Can you use scaffolding on a conservatory?
Last Updated: 7th December 2021
There are more than a few reasons why you may need to work on the exterior part of a house above a conservatory. It can be something like repainting, clearing gutters, patching up a roof or anything else, but if you’ve ever been in the situation of needing to work over a conservatory, you’ll be familiar with the limitations it places upon your movement.
Want a quick conservatory scaffolding quote? Tell us about your project and we can advise you on the potential costs. Want a quick quote? Fill out the form below. Time to complete: 30 seconds!
Getting the work done correctly means you’ve got to have a secure base and the ability to move your arms freely, so it makes for significant questions when it comes to access, and many of these - as our FAQ below makes clear - are related to scaffolding over a conservatory
Can you use scaffolding over a conservatory?
Using the right equipment, you can certainly erect scaffolding for support when you are working above a conservatory. You may need to use more specialised parts of equipment, which are designed for the purpose of being used in awkward areas. These will include handrails, to take account of your limited room for manoeuvre, and may require extra parts to make it possible to raise and lower the areas on which you are walking. Before using scaffolding in any complicated working space, you need to make sure you know how to use it, so it will be important to learn all you need to know from an expert. Please refrain from erecting scaffolding if you have no experience in doing so.
Why use scaffolding over a conservatory?
People use scaffolding for a myriad reasons in construction. Most of all, the convenience that it offers far outstrips the alternatives. It offers a level of safety that goes above and beyond other options. It is easy to access and walk on, and offers the kind of stability that is indispensable for precision work - such as drilling, hanging gutters and so forth. Because workers don’t need to use a steadying hand, they have full use of all of the necessary body parts. And because they don’t need to spend a long time steadying themselves, they can get more work done and not get tired as soon as those working without scaffolding.
What can you use instead of scaffolding?
The alternatives to scaffolding depend very much on the job you are doing, but they can range from working on a ladder to an access platform. Each of these has its own benefits and disadvantages: a ladder is simple to use and most people have at least one, but it doesn’t allow for a great deal of movement; an access platform is harder to get hold of and more expensive, but does allow for more freedom; access towers are prefabricated, so they’re not always a perfect fit for the job, but they do have an inbuilt guardrail; a scissor lift may also be an option, as it is easy to adjust - but they can only move up and down, and the height is limited.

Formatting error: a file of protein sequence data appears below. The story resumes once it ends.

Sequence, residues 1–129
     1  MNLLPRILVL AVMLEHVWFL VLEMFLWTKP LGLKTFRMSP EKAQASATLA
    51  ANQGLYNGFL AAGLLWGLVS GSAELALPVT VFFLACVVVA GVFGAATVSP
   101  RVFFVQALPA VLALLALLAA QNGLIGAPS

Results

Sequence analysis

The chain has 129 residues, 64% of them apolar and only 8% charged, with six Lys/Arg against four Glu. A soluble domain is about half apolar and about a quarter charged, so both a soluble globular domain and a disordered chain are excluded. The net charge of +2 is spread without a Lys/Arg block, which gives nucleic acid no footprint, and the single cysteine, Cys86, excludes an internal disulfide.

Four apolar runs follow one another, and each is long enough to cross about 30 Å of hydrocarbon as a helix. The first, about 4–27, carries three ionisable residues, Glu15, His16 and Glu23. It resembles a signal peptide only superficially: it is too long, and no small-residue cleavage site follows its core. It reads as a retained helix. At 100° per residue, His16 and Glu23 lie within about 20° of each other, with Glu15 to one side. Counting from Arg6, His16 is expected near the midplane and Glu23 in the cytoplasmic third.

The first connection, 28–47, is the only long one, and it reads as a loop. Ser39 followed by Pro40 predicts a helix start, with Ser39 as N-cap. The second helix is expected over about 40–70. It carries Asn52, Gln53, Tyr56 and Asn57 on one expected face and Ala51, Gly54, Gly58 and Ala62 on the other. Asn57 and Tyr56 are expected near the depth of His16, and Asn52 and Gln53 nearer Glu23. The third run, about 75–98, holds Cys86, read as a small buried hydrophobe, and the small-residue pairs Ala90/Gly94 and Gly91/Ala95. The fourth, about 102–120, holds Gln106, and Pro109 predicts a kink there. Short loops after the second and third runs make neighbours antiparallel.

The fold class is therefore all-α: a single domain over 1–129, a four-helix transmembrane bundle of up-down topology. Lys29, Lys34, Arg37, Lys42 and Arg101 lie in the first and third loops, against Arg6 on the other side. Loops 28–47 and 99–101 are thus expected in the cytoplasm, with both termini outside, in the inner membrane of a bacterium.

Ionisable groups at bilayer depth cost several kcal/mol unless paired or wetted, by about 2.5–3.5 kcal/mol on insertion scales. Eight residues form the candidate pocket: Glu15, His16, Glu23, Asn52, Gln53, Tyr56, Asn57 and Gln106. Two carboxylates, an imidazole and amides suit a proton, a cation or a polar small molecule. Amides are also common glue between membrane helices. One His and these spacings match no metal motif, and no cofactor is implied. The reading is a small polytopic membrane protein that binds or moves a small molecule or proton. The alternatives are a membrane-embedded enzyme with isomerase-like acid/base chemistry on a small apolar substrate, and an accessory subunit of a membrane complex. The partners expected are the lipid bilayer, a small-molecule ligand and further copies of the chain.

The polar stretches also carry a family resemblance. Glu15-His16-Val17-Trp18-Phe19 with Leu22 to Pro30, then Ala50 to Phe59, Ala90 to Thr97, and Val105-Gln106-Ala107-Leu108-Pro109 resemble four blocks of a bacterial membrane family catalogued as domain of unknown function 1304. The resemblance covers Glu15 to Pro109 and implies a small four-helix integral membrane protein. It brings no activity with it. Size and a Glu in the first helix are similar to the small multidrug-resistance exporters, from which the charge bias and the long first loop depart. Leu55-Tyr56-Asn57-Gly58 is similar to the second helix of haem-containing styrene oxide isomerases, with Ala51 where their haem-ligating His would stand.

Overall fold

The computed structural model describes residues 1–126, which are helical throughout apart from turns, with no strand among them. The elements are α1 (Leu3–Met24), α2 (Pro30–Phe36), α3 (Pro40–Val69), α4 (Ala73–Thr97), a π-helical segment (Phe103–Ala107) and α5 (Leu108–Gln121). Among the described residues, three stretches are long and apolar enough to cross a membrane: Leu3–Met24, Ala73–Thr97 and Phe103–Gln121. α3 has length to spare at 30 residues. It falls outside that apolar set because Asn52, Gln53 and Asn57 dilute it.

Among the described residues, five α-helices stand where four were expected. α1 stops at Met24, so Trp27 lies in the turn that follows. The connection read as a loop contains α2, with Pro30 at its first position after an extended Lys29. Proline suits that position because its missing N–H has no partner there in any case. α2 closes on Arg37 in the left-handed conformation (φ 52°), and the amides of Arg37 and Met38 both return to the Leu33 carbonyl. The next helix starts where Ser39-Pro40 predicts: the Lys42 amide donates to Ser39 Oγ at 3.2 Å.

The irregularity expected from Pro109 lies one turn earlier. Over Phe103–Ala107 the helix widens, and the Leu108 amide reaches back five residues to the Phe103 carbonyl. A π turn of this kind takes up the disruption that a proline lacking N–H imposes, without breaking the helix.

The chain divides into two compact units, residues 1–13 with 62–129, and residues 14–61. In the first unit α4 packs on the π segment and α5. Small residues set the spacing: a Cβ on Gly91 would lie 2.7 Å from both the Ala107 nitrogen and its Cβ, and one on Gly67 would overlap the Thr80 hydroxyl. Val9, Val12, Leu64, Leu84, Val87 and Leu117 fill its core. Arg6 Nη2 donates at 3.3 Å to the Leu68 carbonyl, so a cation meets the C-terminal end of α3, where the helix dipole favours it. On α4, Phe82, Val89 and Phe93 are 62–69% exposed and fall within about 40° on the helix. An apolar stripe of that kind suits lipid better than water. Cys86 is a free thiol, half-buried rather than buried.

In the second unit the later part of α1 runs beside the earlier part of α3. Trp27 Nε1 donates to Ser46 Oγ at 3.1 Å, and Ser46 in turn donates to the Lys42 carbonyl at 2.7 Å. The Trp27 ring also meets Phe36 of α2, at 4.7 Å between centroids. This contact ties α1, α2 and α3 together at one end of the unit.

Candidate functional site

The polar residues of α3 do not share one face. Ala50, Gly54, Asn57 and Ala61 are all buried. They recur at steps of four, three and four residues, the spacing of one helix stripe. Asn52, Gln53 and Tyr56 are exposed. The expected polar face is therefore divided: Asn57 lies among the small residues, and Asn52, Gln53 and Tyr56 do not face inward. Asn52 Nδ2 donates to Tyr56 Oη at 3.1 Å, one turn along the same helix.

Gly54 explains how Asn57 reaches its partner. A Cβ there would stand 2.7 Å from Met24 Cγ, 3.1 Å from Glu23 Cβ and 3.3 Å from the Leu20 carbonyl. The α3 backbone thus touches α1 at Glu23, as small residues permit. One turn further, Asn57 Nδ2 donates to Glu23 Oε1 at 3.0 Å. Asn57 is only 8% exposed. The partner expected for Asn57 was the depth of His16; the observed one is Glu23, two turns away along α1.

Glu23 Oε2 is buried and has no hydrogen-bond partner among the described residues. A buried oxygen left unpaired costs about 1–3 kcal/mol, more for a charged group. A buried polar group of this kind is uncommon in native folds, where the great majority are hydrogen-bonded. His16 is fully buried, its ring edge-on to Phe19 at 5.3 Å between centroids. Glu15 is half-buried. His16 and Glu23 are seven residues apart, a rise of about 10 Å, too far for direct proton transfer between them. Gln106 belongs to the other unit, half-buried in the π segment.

When should ladders not be used?
Ladders are not ideal as a base from which to work if you are doing anything that could be considered remotely “heavy duty”. Although they can be bracketed to walls and scaffolding, ladder brackets can only support limited weight - and should never be erected anywhere above 2 metres high. Additionally a ladder should only be used when there are two people available - one to climb the ladder and the other to ensure it is stable at ground level. Even in this case, the person on the ladder should maintain three points of contact with it at all times - both feet, and one hand.
How much does conservatory scaffolding cost?
The price of scaffolding depends on a lot of different factors, which include whether you’re buying or renting it, how long you need it for, what kind of setup you’re after, and who will be using it. Chances are, it will cost less than you expect. Certainly, hiring scaffolding for one day of work will not increase the cost of the job by an amount that would make it unworkable. Find out about the cost of scaffold hire here.
Is a conservatory roof safe to walk on?
No, absolutely not! Conservatory roofs were designed with aesthetics in mind, and while they can keep the elements out, they are not heavy-duty structures. Walking on a conservatory roof to carry out maintenance work will, in all likelihood, result in expensive damage being done to the roof, and even more expensive damage to the person who tried walking on it. It’s not safe, it’s not necessary, it’s simply not a good idea. For the sake of a day’s scaffolding hire, it’s really not worth it.
About the Author
Written By: Mike
I have many years of experience in writing informative home improvement content for scaffolding, roofing, extensions, gardening, loft conversion and many other household building projects. As the director of www.scaffoldingcosts.co.uk, I have connected homeowners to reputable roofers in their area for several years, helping thousands of homeowners to save money on their scaffolding projects.
Get a FREE quote for your scaffolding project!
Drop us a line today for a free quote!
About Scaffolding Costs
We also exist to educate you in scaffolding prices and costs. There are so many factors that influence the price of scaffolding that it can be hard to navigate the ins and outs of what is needed and estimate how much you'll need to pay.